"Either you've done the research and are making it publicly available to all of mankind - or you are keeping it for yourself and only offering the benefits of the research to the select individuals who can afford it."
By patenting the invention, you are (1) motiviating a company to fund the research, (2) publishing the designs for your inventino, and (3) ensuring that after about 20 years anyone will be free to follow those designs with or without your approval or profit.
That may not do as much for mankind as you would like to think we would get were everyone an altruist, but in the real world the alternative is that the invention waits uninvented. (You are not going to create a bioengineered cancer drug without expensive equipment - i.e. without deep pockets funding you.)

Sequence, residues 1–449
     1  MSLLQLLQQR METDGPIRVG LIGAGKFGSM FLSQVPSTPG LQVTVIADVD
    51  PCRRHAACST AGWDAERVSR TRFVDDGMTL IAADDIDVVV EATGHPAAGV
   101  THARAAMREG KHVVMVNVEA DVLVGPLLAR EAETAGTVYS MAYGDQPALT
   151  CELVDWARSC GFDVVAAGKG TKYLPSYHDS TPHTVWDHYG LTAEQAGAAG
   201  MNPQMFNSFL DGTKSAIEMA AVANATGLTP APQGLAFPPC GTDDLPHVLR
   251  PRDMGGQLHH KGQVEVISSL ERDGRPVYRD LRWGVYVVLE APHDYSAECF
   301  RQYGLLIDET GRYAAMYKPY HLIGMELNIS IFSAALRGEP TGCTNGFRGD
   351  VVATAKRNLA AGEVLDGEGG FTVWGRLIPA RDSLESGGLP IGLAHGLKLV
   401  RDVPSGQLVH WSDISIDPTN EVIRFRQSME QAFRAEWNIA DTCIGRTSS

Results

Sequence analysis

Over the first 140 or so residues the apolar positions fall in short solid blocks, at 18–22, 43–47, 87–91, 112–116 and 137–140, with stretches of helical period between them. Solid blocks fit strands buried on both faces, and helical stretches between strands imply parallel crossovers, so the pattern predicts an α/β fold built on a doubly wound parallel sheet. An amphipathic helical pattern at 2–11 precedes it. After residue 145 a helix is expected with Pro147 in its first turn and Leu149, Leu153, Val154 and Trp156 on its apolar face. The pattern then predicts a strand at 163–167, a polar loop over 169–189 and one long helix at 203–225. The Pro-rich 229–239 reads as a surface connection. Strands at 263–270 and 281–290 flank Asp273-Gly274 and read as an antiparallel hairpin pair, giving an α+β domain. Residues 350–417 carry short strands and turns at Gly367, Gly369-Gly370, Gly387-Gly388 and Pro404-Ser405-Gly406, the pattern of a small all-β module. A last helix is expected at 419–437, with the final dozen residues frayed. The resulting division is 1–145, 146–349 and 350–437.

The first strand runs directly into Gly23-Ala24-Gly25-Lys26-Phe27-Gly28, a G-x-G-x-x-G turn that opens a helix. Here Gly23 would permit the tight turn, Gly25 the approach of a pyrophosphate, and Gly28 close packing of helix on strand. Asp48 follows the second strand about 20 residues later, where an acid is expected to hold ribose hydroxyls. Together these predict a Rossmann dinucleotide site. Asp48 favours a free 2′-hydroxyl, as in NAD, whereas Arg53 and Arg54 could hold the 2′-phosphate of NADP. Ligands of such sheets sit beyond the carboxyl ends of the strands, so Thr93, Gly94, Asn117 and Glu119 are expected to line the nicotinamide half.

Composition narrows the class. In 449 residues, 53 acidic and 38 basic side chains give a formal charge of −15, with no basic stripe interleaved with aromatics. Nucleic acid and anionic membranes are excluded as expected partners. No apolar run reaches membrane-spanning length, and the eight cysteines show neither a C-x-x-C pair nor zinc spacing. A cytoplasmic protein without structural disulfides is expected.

Now specifically talking about medical research in the U.S., I do firmly believe the system is broken - but that would be the healthcare system, not the patent system. The wide disparity between brand and generic pricing for drugs is a symptom of a broader problem, and trying to skip the brand phase for new medicines will only change symptoms without addressing the root cause.
(And no, I'm not suggesting that a so-called public option solves it either... but I digress.)
The Nobel Prize should recognize and honor the acheivement, end of story. The acheivement will further mankind in due course.